This month I turned 38 years old. It’s an odd year. It’s not a milestone year. In fact, it’s high enough to start joking that I was turning 21 for the 17th time. But I wanted to do something to mark this insignificant year in a significant way. In honor of this month’s blog theme, I attempted to do 38 Acts of Kindness that would support women. Armed with good intentions, I gave it my best shot –
I reached out to family and friends to let them know that I care —
(38) Texted friends and family positive quotes.
(37) Snail mailed letters to old friends.
(36) Called family members I haven’t spoken with in a while.
(35) Mailed four fun care packages to family and friends.
In my quest to support women entrepreneurs, I started with my author friends in my own backyard.
(34) Bought as many of my friends’ novels as I could afford.
(33) Reviewed my friends’ books on Goodreads and Amazon.
(32) Went to my local bookstore (and library) and rearranged a shelf to help spotlight my friends’ books.
(31) Asked several writing friends for their upcoming ARCs to help get our early reviews.
(30) Posted on my friends’ blogs to support their sites.
Supported women authors that I don’t know but admire –
(29) Bought their books.
(28) Reviewed their books on Goodreads and Amazon.
(27) Sent emails to 5 authors to thank them for their stories and offered to buy them a drink if their book tours ever take them to Portland, Oregon.
Shop Local and Support Local –
(26) I wrote a letter to a company when I got Above and Beyond customer service.
(25) I left the biggest tip I could afford for a truly kind waitress struggling on her first day of work.
(24) I went to a local comic book convention and made purchases to support local artists.
(23) I posted positive Yelp reviews.
Put my Money where my Mouth is –
(22) Made a $38 donation to support local medical care for low-income women and their families.
(21) Made a $38 donation to support a girl’s literacy programs in third world countries.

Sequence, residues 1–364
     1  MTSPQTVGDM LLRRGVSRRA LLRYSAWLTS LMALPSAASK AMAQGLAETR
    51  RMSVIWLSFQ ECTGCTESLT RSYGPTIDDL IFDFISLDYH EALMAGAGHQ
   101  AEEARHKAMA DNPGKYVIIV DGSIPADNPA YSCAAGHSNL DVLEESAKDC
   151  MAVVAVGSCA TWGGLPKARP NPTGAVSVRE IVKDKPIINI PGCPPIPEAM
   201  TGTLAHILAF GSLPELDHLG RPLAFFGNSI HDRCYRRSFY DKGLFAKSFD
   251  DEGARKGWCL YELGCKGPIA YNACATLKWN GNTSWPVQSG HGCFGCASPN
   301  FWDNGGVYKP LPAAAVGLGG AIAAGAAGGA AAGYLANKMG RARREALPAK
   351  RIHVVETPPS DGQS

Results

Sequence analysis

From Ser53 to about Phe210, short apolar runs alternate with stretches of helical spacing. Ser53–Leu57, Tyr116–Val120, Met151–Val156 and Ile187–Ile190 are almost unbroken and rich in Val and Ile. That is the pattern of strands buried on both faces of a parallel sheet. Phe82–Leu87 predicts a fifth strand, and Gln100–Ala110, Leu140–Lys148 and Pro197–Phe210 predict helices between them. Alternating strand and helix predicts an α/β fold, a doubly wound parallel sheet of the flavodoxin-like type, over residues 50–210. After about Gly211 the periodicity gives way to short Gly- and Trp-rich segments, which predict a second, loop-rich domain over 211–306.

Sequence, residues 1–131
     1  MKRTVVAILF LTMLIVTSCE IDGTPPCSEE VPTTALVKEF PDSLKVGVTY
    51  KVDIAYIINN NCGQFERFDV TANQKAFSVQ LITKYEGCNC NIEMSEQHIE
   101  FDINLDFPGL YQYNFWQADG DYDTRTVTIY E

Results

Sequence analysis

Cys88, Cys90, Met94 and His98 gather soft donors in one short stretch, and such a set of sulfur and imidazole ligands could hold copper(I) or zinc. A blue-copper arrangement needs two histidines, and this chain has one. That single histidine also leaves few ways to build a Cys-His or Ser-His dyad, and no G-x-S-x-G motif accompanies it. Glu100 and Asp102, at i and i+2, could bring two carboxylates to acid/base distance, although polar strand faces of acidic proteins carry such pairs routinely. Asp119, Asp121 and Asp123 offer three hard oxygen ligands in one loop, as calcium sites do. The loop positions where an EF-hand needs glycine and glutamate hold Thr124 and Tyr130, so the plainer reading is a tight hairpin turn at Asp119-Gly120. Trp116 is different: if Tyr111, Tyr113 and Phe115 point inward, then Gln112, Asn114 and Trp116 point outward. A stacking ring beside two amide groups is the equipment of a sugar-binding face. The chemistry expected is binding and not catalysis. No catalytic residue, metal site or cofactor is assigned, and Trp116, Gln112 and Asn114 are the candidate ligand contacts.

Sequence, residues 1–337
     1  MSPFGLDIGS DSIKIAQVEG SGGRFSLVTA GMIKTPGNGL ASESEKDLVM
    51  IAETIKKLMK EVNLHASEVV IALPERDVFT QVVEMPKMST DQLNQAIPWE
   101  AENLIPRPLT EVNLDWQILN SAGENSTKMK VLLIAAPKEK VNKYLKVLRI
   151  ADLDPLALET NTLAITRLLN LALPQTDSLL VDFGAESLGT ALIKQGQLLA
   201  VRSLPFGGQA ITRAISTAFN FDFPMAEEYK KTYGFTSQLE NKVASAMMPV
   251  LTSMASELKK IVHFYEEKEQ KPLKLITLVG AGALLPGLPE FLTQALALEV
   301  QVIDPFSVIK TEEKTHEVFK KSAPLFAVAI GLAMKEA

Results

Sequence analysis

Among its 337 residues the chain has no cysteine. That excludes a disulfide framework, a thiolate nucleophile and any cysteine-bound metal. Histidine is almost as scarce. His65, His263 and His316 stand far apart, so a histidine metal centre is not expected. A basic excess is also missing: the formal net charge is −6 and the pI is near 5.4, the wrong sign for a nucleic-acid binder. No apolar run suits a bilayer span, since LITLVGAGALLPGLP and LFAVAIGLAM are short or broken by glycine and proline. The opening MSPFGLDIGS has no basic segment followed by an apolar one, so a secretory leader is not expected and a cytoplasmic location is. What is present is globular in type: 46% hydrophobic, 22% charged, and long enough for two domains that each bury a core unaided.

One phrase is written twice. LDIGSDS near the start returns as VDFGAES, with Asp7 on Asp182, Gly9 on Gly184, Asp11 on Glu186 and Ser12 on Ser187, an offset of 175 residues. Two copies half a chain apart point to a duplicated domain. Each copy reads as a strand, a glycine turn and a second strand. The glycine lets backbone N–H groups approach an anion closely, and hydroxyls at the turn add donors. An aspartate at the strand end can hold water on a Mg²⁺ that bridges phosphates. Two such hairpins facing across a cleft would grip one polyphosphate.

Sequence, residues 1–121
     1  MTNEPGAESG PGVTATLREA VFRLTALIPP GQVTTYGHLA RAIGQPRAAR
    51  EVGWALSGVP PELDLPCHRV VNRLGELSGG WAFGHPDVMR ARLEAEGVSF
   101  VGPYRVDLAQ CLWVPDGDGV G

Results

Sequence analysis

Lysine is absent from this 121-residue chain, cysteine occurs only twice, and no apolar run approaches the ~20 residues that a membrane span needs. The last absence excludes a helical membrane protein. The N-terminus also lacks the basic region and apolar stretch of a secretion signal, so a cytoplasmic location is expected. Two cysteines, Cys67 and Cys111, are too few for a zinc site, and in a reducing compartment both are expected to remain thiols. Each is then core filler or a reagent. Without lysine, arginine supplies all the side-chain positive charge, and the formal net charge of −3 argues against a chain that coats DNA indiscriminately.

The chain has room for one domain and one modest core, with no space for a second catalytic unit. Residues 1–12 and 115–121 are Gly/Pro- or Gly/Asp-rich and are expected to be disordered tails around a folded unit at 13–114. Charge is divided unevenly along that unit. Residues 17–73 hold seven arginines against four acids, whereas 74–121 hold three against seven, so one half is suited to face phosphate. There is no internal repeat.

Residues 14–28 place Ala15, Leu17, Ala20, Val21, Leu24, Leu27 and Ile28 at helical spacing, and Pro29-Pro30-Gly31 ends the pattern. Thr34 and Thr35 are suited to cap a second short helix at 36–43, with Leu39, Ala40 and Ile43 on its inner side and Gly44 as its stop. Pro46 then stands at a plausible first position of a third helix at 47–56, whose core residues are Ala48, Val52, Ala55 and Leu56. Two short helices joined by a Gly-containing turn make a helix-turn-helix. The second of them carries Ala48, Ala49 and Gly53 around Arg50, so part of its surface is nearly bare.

(20) Made a $38 donation to help women with their start-up businesses in third world countries.
(19) Made a $38 donation, in memory of my Grandmother.
(18) Made a donation of professional women’s clothing to help low-income women have interview clothing.
(17) Donated the rest of my clothing items to GoodWill.
(16) I found a co-worker that could use my cat related items and gifted them to her.
(15) Volunteered to organize a collection’s drive of new children’s books so little girls can have books under their trees this holiday.
(14) Took all my change to Coinstar and donated it to charity.
(13) Volunteered my time to a Raffle Basket fundraiser to support local charities.
The Sweet Smell of Success (with Flowers)
(12) Bought a single flower for every single female co-worker in my work cubicle station.
(11) Bought bouquet of flowers for two women who are overworked and underappreciated.
(10) Bought a bouquet of flowers for a family member who lives a thousand miles away because I miss them.
Being a Team Player at Work
(9) Sent an email to a co-worker (and cc’d her boss) to thank her for her help on a project.
(8) Offered to help a co-worker complete a group task.
(7) Brought in treats to work for my co-workers to enjoy.
The Small Stuff Matters
(6) Bought coffee for a friend who was having a bad day.
(5) Invited an old friend to go out to lunch.
(4) Babysat for free so their mother could enjoy an afternoon to herself.
Pay Yourself First
When I first told my friend that I was going to attempt this project, she told me that I needed to put a few items on the list for myself.
(3) I bought a DNA kit from 23and me to see if I could connect with unknown family members around the world.
(2) I invested in my dream to be a published author by registering for the Emerald City Writing Conference.
(1) I gave myself permission to eat whatever I wanted for my birthday (Polenta Fries, Guava Birthday Cake, Pear and Blue Cheese Ice Cream and a Trader Joes Fireworks Chocolate Bar) and not to feel guilty over a single bite.
I am not the first person to attempt an Act of Kindness project but others have called it “random” acts. Let me be clear, there is nothing random about committing multiple acts. It takes time, thought, and money to pull off these intentional acts. Also it takes energy. In fact, move energy to the top of the list. But it was completely worth it.
Have you done an intentional Act of Kindness recently?
As Jessa explained, we’re doing a month worth of mentoring posts in honor of October 11 International Day of the Girl, a day marked by UN resolution for “promoting and protecting the full and effective enjoyment of human rights.” In my day job, I teach physics at a community college and being a woman in a predominately male profession, recruiting women into Science Technology Engineering and Mathematics (STEM) is especially dear to my heart.